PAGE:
Like other locoweeds, woolly locoweed (Astragalus mollissimus, Fabaceae) gets its common name from a peculiar effect it has on grazing animals. This plant produces a toxin known as locoine, an alkaloid that causes sheep, cattle, and other herbivores to “go loco” and exhibit erratic behavior if they consume enough of it.
This southwestern perennial also takes up large amounts of selenium from the soil. Although trace amounts of this element are biologically essential, it too is toxic in large doses. Both locoine and selenium can even cause death if a sufficient amount is consumed.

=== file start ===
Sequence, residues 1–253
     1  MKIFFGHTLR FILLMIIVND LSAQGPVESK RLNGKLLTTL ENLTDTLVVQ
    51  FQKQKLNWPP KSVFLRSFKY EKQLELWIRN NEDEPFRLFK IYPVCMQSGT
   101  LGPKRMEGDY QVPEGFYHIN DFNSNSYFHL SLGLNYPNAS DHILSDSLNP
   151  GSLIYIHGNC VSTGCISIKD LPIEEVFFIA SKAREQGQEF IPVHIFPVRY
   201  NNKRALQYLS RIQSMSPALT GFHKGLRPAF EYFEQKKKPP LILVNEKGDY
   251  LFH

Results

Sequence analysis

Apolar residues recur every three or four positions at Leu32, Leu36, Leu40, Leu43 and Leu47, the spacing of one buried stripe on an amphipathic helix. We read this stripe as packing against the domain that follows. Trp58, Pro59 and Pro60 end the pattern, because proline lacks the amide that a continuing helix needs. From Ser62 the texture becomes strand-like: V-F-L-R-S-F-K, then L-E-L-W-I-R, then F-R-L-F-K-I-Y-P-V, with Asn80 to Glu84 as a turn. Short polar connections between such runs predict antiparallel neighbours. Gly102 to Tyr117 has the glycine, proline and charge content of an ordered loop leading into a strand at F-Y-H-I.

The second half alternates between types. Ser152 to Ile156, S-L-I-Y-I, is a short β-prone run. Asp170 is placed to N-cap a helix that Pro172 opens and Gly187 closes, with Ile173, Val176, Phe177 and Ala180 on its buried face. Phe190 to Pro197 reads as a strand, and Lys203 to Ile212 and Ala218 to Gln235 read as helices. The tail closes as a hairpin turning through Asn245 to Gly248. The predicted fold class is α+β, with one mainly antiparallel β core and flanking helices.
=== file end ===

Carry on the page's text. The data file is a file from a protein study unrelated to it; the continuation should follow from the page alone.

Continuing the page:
Woolly locoweed isn’t all bad, however. As with other members of the pea family, this plant is important for its ability to fix nitrogen. Symbiotic bacteria in its roots remove elemental nitrogen from the air and convert it to a form that can be used by the plant. When the plant dies, this biologically available nitrogen fertilizes the soil and can then be used by other plants and the animals that feed on them.